The historical record is consistent with much of the above letter by Rebecca Usher. The slain officer was Captain George C. Whitney of Hadley, Lapeer County, Michigan. He commanded Company B of the First Michigan Cavalry. He was severely wounded at the Battle of Five Forks near Petersburg, Virginia on 1 April 1865. His military record indicates that he died 4 April 1865 "on the road to the Cavalry Corps Hospital" at City Point, Virginia. His body was returned to Michigan and he was buried in the Hadley Cemetery.

L. P. Brockett, M. D. wrote that "In one of Sheriden's grand railds, during the latter days of the rebellion, she, as usual, rode with the troops night and day, wearing out several horses, until they dropped from exhaustion. In a severe cavalry engagement, in which her regiment took a prominent part, her colonel was wounded, and her captain killed."

"She accompanied the former to the rear, where she ministered to his needs, and when placed in the cars, bound for City Point Hospital, she remained with him, giving all the relief in her power, on that fatiguing journey, although herself almost exhausted, having been without sleep four days and nights. After seeing her colonel safely and comfortably lodged in the hospital, she took one night's rest, and returned to the front. Finding that her captain's body had not been recovered, it being hazardous to make the attempt, she resolved to rescue it, as 'it should never be left on rebel soil.' So, with her orderly for sole companion, she rode fifteen miles to the scene of the late conflict, found the body she sought, strapped it on her horse, rode back seven miles to an embalmers, where she waited whilst the body was embalmed, then again strapping it on her horse, she rode seveeral miles farther to the cars in which, with her precious burden she proceeded to City Point, where she obtained a rough coffin and forwarded the whole to Michigan . . ."[4]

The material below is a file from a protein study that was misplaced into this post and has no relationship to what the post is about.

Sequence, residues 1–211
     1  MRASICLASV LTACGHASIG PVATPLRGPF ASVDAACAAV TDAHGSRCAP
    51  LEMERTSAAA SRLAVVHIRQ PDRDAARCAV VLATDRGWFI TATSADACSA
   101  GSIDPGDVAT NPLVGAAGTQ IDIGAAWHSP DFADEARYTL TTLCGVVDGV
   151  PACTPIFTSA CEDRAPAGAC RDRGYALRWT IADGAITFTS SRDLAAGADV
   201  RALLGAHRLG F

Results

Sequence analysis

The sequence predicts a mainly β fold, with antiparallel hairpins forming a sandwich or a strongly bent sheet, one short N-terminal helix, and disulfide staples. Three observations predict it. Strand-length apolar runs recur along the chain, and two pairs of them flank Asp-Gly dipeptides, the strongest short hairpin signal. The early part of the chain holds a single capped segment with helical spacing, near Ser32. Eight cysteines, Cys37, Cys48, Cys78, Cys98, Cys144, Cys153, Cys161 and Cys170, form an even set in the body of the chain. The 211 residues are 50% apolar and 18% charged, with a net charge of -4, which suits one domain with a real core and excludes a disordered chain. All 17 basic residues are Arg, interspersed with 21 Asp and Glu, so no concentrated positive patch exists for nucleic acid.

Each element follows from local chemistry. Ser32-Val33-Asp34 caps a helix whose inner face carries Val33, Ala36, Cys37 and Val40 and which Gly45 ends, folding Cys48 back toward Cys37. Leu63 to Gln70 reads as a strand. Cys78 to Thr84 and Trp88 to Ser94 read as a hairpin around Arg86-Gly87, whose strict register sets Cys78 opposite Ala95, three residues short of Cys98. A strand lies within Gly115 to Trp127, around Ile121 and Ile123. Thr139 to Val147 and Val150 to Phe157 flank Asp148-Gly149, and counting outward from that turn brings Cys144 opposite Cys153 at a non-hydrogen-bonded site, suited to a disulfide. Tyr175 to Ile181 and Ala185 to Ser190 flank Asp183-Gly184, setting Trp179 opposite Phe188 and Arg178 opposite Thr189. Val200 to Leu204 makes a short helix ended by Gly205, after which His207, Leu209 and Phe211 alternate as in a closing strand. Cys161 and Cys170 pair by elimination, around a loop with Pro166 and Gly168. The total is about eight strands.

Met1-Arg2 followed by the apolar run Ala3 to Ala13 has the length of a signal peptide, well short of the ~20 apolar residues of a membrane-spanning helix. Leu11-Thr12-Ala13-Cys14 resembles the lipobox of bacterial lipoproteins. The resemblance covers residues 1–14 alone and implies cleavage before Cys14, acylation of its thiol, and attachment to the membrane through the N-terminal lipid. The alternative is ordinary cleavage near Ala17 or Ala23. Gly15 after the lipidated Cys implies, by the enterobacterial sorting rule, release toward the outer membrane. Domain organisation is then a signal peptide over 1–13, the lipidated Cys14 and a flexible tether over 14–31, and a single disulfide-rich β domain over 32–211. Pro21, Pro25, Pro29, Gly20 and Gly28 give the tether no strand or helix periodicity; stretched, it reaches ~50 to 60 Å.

The colonel mentioned in the above account was George R. Maxwell of Grafton, Monroe County, Michigan. Although this man sustained several wounds earlier in the war, the injury to his left leg, received at the Battle of Five Forks, resulted in amputation of this leg later in April 1865. By that time, the war was essentially over. George returned to Monroe County and married Emma Belle Turner in September of that same year. He was struck by tragedy again when Emma died in January 1866. Subsequently George moved to Salt Lake City, Utah Territory, where he married Mary Ann Sprague in 1872. He died in Salt lake City 2 July 1889, reportedly of late effects of his many war wounds. As the First Michigan Cavalry was stationed at Camp Douglas (three miles east of Salt Lake City) immediately after the Civil War, certain possibilities are suggested that will be explored after additional material is examined.

Although several sources state that her husband served as a private soldier in that regiment, an exhaustive study of the rolls of that organization, carried out at the Michigan State Archives, failed to turn up any man named Deaver, or any variant spelling. Examination of the rolls of the Fifth, Sixth, and Seventh Michigan Cavalry (other components of the Michigan Cavalry Brigade) produced similar results. Bridget could not have been married to a trooper from Michigan.